Bret Stephens in The Wall Street Journal on truth-telling in China Media reports in China and the U.S. emphasize Chinese Vice President and heir apparent Xi Jinping's brutal childhood of "reeducation" in the countryside. "The purpose of Mr. Xi's image-making ... is to present him as someone who took his knocks in life and understands what it's like to be dirt poor even as he has risen up the party hierarchy. This, comrades, is baloney," writes Stephens. Wikileaks cables show his education was mostly one in Marxism and he achieved his position at least in part because of his father's prominence. Stephens points to jailed poet and dissident Liu Xiabo and his photographer wife as better examples of those who understand the experience of China's poor and oppressed. Technology, from Twitter-like sites to democracy-promoting singing competitions, is bringing change to China, and Xi will have to confront it. "Renewed attempts to impose ideological conformity will be met only by the kind of cunning subversion that Ms. Liu has helped pioneer."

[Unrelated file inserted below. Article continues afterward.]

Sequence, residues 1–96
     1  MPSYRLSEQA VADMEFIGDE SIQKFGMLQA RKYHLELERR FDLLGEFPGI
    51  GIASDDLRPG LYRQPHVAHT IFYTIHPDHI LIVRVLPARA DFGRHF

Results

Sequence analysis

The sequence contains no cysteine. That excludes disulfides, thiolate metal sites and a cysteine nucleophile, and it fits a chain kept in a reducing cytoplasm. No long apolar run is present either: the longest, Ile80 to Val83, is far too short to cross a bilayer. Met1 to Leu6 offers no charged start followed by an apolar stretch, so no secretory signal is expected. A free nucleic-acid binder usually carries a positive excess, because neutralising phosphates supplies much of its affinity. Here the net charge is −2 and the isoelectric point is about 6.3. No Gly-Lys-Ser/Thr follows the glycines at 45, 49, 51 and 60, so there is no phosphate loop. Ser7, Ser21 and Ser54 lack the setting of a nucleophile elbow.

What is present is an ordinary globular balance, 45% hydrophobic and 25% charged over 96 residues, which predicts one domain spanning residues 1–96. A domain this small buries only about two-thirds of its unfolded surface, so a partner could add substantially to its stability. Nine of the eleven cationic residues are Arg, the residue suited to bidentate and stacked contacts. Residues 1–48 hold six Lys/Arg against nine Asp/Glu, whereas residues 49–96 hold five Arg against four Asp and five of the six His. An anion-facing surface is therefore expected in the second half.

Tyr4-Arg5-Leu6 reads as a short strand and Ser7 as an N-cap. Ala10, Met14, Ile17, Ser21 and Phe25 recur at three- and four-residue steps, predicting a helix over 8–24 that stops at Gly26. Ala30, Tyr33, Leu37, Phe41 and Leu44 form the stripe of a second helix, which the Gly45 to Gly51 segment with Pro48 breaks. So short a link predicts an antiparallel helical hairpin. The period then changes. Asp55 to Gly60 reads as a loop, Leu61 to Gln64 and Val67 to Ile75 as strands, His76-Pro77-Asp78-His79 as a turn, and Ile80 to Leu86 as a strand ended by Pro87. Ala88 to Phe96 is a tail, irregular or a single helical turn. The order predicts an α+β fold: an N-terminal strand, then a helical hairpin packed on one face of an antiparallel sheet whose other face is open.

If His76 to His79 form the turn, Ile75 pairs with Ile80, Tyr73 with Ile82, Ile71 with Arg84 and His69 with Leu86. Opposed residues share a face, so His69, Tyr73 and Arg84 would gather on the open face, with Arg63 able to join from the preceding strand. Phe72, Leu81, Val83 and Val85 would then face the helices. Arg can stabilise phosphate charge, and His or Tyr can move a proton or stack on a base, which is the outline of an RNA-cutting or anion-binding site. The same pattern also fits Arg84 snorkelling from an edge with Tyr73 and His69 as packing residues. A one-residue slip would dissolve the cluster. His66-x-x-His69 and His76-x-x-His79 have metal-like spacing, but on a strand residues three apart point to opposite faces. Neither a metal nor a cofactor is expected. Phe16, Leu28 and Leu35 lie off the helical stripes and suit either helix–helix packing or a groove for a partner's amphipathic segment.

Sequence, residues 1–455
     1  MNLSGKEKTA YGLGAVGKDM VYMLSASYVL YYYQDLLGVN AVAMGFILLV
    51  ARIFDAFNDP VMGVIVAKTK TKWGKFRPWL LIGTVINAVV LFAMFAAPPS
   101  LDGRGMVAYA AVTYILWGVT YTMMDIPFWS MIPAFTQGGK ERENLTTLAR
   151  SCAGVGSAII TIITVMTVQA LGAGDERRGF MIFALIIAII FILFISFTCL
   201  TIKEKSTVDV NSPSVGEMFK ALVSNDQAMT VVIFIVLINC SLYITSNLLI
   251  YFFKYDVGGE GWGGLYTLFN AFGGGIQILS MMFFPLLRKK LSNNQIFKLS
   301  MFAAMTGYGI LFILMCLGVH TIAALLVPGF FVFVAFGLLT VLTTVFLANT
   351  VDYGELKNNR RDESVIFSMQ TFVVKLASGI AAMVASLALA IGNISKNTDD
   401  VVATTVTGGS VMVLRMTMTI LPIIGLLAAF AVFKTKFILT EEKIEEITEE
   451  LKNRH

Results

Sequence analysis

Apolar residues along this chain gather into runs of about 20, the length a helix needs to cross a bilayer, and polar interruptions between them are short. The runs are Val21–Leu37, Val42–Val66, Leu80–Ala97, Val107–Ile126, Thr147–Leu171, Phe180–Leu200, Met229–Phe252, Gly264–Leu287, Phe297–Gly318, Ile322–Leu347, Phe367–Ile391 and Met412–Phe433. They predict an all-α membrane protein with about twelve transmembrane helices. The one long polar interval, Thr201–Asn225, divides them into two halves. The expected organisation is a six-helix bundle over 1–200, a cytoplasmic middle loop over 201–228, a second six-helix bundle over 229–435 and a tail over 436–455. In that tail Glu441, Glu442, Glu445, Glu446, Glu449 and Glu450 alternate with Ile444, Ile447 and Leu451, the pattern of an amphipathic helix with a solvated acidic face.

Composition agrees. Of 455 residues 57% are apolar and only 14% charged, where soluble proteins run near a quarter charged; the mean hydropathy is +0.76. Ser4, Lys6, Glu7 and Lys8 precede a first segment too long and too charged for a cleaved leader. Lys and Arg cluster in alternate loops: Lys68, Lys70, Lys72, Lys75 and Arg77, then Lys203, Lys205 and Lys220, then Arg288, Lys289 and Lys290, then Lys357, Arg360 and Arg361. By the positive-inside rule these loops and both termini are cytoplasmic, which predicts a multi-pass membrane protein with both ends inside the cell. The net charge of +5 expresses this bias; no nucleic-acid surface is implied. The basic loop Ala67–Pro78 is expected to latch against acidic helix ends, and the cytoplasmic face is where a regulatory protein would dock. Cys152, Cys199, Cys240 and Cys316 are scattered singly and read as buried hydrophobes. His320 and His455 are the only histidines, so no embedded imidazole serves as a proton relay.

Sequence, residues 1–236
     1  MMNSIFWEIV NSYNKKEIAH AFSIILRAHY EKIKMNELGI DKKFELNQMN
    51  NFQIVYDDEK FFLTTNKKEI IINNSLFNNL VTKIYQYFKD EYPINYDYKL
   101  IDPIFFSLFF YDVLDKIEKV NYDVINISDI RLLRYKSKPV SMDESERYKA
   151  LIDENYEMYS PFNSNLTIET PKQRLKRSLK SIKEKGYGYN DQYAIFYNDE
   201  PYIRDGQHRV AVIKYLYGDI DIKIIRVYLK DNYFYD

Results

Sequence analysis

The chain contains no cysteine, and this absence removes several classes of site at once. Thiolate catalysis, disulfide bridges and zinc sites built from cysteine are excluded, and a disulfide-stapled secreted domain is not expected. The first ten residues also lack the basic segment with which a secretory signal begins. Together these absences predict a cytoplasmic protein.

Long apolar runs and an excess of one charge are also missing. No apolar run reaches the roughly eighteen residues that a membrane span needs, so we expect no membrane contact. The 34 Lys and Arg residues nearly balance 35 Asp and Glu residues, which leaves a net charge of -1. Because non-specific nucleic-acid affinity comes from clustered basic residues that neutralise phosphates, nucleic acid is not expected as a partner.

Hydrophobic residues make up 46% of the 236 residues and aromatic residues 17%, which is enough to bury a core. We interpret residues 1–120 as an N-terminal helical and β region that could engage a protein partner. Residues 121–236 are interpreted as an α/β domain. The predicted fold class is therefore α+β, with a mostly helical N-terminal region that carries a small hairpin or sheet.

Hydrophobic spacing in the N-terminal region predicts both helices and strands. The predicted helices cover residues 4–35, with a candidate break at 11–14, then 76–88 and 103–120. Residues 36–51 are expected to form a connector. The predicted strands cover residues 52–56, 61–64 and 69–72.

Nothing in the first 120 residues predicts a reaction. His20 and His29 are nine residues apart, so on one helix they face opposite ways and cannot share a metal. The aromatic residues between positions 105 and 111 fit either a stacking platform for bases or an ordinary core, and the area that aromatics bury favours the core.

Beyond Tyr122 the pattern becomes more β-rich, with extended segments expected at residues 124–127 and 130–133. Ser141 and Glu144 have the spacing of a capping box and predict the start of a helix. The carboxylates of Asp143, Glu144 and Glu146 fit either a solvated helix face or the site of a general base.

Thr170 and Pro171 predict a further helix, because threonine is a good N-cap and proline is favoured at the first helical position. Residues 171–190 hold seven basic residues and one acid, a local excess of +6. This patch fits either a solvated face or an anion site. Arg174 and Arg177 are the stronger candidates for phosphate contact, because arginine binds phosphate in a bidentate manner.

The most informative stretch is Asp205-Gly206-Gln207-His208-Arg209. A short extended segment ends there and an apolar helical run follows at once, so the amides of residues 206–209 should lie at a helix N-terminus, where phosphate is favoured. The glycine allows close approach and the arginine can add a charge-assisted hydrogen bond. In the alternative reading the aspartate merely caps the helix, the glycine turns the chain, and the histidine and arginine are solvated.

Frank Bruni in The New York Times on Rick Santorum's wife dodge Rick Santorum excused a section of his 2005 book that argues against "radical feminists" who argue women will find fulfillment in their careers by saying his wife co-wrote the passage. "Once preposterous, his candidacy is newly plausible, giving him fresh motive to blunt some of his divisive edges," Bruni writes, tying it to revisions in his competitors' campaigns. Gingrich, for example, wants us to focus on his Catholicism and stable marriage, not his history of turbulent ones. Ron Paul excuses racist pamphlets from the 1990s saying he didn't approve them. And Romney distances himself from any number of past political stances. Santorum's "dodge" is telling in that it is utterly unconvincing. "Wouldn't it still leave him as the other co-author? Isn't it an ungallant bit of blame shifting? And if he and she weren't on the same page, why was she at the keyboard?"